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Why the Camel Got His Hump - a book by Graber, Sheila

Why the Camel Got His Hump

Just So Story No 8

Why the Camel Got His Hump( )
Author: Graber, Sheila
Illustrator: Graber, Sheila
Miller, Jane
Based on a work by: Kipling, Rudyard
Series title:The Just So Stories Ser.
Publication Date:Oct 2013
Publisher:CreateSpace Independent Publishing Platform
Book Format:Paperback
List Price:USD $15.00
Book Description:

This story is about the dangers of being self-centred and lazy. It features a a Camel who hangs out all day doing nothing apart from admiring his wonderful flat back; whilst the Horse, Dog and Ox work extra hard because of his idleness. They all "take the hump" and ask for help. It comes immediately and at once in the Magical form of the Djinn of All Deserts. Sheila has brought Kipling's Classic work into the C21st without losing any of his poetry or humour. Brilliantly illustrated...
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Book Details
Physical Dimensions (W X L X H):6 x 9 x 0.16 Inches
Book Weight:0.33 Pounds
Author Biography
Graber, Sheila (Author)
Kipling, who as a novelist dramatized the ambivalence of the British colonial experience, was born of English parents in Bombay and as a child knew Hindustani better than English. He spent an unhappy period of exile from his parents (and the Indian heat) with a harsh aunt in England, followed by the public schooling that inspired his "Stalky" stories. He returned to India at 18 to work on the staff of the Lahore Civil and Military Gazette and rapidly became a prolific writer. His mildly satirical work won him a reputation in England, and he returned there in 1889. Shortly after, his first novel, The Light That Failed (1890) was published, but it was not altogether successful.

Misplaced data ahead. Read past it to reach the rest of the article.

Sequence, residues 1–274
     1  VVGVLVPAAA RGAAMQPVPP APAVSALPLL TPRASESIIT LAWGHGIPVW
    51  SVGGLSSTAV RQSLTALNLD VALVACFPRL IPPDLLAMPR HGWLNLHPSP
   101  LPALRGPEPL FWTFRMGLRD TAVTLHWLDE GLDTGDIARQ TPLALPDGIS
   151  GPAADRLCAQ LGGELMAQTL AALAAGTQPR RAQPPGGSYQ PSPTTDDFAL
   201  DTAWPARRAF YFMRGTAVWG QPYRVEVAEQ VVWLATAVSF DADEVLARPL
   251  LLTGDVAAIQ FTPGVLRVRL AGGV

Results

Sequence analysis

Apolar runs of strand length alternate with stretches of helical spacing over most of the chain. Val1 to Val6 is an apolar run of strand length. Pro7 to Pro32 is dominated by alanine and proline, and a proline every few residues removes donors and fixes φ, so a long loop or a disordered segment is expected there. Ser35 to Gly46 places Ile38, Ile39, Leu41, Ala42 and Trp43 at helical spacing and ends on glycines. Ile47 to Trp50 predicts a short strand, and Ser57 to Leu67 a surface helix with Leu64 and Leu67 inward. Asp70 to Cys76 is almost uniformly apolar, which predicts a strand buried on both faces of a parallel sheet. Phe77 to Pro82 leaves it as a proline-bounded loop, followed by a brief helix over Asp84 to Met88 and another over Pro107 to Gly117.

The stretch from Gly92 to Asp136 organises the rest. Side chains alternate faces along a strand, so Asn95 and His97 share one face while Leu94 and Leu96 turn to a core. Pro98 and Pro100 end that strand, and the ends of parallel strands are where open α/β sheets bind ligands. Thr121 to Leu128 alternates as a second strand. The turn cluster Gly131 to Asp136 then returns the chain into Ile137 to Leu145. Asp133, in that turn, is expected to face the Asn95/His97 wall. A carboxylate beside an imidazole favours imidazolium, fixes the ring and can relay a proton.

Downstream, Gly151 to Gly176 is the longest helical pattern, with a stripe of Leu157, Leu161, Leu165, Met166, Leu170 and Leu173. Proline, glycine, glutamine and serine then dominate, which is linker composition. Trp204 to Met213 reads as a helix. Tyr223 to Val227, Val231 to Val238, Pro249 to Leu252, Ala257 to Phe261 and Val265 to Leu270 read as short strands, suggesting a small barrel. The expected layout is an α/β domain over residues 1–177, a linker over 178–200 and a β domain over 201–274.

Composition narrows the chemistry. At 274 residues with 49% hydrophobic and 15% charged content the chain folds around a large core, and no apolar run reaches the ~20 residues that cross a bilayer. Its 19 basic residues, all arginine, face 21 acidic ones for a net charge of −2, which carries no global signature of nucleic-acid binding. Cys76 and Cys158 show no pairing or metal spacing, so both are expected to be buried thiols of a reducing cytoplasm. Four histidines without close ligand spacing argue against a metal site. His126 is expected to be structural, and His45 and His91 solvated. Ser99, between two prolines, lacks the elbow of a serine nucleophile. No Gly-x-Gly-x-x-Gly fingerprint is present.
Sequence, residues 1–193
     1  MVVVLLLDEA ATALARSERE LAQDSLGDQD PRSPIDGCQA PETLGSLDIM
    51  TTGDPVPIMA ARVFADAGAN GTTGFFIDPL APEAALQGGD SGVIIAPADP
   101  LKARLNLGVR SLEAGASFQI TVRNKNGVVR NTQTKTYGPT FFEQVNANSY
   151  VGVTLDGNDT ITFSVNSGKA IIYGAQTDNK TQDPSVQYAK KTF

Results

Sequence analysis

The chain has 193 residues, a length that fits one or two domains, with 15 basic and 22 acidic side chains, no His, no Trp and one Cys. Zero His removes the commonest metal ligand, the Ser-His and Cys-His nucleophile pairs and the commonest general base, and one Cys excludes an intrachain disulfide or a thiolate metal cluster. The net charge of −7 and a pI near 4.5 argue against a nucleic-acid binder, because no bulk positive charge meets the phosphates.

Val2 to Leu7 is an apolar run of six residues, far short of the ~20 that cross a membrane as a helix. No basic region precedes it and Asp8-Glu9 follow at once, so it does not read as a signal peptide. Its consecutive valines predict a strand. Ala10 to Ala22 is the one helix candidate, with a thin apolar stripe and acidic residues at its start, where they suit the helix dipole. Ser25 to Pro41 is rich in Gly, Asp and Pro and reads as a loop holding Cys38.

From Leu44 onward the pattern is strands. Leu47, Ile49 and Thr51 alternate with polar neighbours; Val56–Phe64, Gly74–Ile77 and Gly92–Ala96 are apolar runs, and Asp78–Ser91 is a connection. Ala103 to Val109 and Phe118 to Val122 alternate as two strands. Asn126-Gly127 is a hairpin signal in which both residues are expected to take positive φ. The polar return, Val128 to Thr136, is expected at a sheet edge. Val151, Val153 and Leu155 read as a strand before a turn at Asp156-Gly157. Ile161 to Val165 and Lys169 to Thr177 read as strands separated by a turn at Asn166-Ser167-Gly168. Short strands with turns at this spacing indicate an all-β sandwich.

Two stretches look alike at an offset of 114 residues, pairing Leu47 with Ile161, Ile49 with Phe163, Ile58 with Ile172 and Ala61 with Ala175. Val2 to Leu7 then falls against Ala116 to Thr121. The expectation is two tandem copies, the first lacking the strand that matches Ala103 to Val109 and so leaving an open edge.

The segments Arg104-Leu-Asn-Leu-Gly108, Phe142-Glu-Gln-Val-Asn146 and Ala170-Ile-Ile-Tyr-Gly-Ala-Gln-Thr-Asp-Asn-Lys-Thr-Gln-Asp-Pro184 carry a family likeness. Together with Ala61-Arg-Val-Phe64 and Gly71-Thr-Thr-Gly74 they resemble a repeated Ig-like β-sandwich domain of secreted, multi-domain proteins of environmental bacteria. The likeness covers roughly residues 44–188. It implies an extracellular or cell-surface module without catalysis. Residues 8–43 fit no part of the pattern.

In the early 1890s, Kipling met and married Caroline Balestier and moved with her to her family's estate in Brattleboro, Vermont. While there he wrote Many Inventions (1893), The Jungle Book (1894-95), and Captains Courageous (1897). He became dissatisfied with life in America, however, and moved back to England, returning to America only when his daughter died of pneumonia. Kipling never again returned to the United States, despite his great popularity there.

Short stories form the greater portion of Kipling's work and are of several distinct types. Some of his best are stories of the supernatural, the eerie and unearthly, such as "The Phantom Rickshaw," "The Brushwood Boy," and "They." His tales of gruesome horror include "The Mark of the Beast" and "The Return of Imray." "William the Conqueror" and "The Head of the District" are among his political tales of English rule in India. The "Soldiers Three" group deals with Kipling's three musketeers: an Irishman, a Cockney, and a Yorkshireman. The Anglo-Indian Tales, of social life in Simla, make up the larger part of his first four books.

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